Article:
“In Saving Mr. Banks, a series of limousines, each a different version of the same car, was modified in order to locate cameras for a shot,” Clarke explains. “This happens in most movies that involve cars. You might need to fabricate a removable roof or be able to easily pop a door on or off. Or if you need to see an actor’s feet changing gears, you might have a hole in the floor that allows cameras to be positioned tightly down there. We even have cut a Mercedes in half for filming purposes. Those kinds of modifications are things viewers don’t think about or don’t even notice, but the camera crew couldn’t get the shot it wants without these changes.”
The stunt cars, with pristine exteriors, include modifications such as welded roll cages, five-point harnesses, a third brake, a lower rear end and other safety features. Some films can have 20 identical cars, each designed to do specific stunts – jump bridges, rollover, explode and more.
Hollywood fabricators usually do not work with a detailed set of plans and often create solutions to solve specific technical, appearance or camera requirements.
For example, Moser’s team completely rebuilt one of the Caravans used in a chase scene in The Town. Crews retrofitted a Chevy 350 engine into the van and removed the entire original drivetrain. Modifications also included welding in a sub-frame and a 9-foot board rear end. The vehicle ultimately was reworked to make it rear-wheel drive instead of the standard, front-wheel drive, which assisted with speed and handling for the chase scenes.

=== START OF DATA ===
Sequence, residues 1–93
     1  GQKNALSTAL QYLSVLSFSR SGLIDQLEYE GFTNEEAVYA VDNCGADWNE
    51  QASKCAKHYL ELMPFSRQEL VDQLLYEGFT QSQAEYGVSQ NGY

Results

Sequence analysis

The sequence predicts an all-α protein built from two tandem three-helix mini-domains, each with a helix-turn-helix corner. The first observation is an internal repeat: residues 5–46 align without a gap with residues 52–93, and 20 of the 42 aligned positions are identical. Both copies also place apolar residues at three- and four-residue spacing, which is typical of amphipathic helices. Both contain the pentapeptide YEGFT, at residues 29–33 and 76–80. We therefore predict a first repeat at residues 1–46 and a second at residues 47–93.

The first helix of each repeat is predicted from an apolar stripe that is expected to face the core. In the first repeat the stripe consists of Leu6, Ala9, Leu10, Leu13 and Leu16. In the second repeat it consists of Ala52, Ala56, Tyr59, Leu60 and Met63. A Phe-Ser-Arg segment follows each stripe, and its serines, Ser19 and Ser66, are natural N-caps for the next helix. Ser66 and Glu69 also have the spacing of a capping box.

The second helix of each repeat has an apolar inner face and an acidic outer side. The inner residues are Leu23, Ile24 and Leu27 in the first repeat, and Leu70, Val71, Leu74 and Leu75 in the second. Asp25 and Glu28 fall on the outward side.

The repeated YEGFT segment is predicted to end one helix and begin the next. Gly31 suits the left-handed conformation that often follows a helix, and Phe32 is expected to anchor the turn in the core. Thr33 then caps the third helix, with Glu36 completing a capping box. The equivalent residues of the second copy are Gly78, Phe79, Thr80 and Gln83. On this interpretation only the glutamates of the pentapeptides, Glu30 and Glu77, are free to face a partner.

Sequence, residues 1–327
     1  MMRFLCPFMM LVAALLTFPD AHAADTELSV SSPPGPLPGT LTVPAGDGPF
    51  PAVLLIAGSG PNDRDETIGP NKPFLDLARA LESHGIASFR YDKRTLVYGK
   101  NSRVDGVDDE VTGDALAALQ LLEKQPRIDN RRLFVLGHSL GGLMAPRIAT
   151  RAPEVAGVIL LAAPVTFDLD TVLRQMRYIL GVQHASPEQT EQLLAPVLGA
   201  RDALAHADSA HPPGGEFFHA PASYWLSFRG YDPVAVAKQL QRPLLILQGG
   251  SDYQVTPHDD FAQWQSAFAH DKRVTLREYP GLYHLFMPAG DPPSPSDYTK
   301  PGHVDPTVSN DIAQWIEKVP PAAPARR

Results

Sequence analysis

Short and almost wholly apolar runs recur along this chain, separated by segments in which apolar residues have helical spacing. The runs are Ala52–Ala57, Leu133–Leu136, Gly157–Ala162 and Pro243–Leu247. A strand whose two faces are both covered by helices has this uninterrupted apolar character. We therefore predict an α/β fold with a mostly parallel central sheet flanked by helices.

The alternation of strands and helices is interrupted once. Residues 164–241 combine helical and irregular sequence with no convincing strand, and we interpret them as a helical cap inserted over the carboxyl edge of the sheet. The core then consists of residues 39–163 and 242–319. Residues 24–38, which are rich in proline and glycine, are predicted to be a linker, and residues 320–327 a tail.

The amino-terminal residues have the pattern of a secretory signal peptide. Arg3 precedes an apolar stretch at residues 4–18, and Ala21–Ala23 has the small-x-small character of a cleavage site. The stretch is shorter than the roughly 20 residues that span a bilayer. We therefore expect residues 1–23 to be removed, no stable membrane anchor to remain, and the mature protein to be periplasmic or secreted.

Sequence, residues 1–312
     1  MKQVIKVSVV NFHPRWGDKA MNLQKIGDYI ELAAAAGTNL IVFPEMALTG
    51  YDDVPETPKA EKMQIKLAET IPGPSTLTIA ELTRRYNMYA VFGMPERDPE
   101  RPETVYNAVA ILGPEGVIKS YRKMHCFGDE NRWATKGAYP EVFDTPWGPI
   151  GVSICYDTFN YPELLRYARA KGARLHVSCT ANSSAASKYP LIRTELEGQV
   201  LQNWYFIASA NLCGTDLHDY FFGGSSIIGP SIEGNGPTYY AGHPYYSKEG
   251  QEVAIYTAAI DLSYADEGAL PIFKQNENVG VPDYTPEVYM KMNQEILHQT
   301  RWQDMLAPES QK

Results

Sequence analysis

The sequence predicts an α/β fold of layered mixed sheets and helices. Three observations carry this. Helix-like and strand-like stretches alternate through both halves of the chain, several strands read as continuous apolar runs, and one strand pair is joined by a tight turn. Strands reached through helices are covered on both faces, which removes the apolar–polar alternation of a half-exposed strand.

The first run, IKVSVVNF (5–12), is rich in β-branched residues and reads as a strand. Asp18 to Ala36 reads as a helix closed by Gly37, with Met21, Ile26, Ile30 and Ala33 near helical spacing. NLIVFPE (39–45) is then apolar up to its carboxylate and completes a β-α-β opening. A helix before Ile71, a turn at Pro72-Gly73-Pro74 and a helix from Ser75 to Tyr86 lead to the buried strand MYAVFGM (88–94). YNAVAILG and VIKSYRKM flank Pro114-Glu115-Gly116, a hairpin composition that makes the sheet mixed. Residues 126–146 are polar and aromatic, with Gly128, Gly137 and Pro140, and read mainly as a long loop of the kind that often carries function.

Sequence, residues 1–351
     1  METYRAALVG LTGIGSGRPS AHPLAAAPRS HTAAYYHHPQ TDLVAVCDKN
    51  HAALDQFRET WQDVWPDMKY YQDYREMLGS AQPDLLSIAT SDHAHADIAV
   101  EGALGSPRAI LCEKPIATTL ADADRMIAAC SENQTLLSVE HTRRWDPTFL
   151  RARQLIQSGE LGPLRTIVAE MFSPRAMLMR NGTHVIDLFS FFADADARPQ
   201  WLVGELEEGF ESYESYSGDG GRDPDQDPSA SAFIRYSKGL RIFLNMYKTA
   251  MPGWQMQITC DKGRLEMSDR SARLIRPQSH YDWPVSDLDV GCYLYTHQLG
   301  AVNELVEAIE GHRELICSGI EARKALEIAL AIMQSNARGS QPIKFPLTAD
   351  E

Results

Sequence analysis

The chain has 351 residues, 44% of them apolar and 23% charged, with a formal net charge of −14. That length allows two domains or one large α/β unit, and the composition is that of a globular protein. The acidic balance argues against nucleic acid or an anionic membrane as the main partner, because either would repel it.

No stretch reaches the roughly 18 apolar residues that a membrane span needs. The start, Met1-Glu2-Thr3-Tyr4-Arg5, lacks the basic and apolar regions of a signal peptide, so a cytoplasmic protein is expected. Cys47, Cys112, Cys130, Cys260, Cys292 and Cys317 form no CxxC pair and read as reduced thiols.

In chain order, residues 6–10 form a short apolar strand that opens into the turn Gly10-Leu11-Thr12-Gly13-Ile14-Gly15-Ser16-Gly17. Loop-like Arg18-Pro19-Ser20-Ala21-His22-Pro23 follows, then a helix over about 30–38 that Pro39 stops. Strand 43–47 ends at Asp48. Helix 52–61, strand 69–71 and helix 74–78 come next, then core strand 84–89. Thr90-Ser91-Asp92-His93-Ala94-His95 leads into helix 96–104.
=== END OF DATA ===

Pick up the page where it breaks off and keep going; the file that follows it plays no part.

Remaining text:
In another project, the Picture Car Warehouse team customized a Mercedes Benz Unimog for a chase scene in Argo, winner of the 2013 Academy Award for Best Picture.
“In a planning meeting before the beginning of shooting, I explained that a Unimog would only reach about 37 miles per hour, so the film initially scripted with that in mind,” Moser recalls. “However, a week before they were ready to shoot, the filmmakers decided that they wanted it to go 75 miles per hour. We took the Unimog body off of its chassis and fabricated it onto a 1985 Dodge Ramcharger chassis. We had to stretch the chassis to make this happen – and it worked.”
On top of the obvious challenges of creatively designing and combining aspects of different vehicles into one to make them function as needed for filming, Moser, Clarke Pearson face an even tougher hurdle – tight time constraints.
“We sometimes have less than a week to build a fleet of cars that need to be done perfectly, on time and on budget,” Moser says. “Sometimes we have to do it overnight. There are times when our welding machines run 24 hours a day to meet production schedule demands.”
For the film Looper, on which both Moser and Clarke were involved, fabrication teams had five days to create unique hover motorcycles, a process that involved from-scratch design and a lot of cutting, welding and fabrication.
Paul Clarke created this motorcycle, fabricated primarily of aluminum componenets, for use in Looper. Set in the year 2074, Looper was released in 2012 by TriStar Pictures.
Clarke and Moser said they turned to Lincoln Electric equipment for this job, as well as other work that required intensive, constant welding on such substrates as aluminum. They relied on Lincoln Electric’s Precision TIG® 375 TIG welder for this high-visibility, fast-turnaround project.
“We need equipment that is reliable. We can’t have something breaking with the kind of turnaround times we face,” Moser said. “In this industry, there isn’t something called ‘downtime.’”
Setting the stage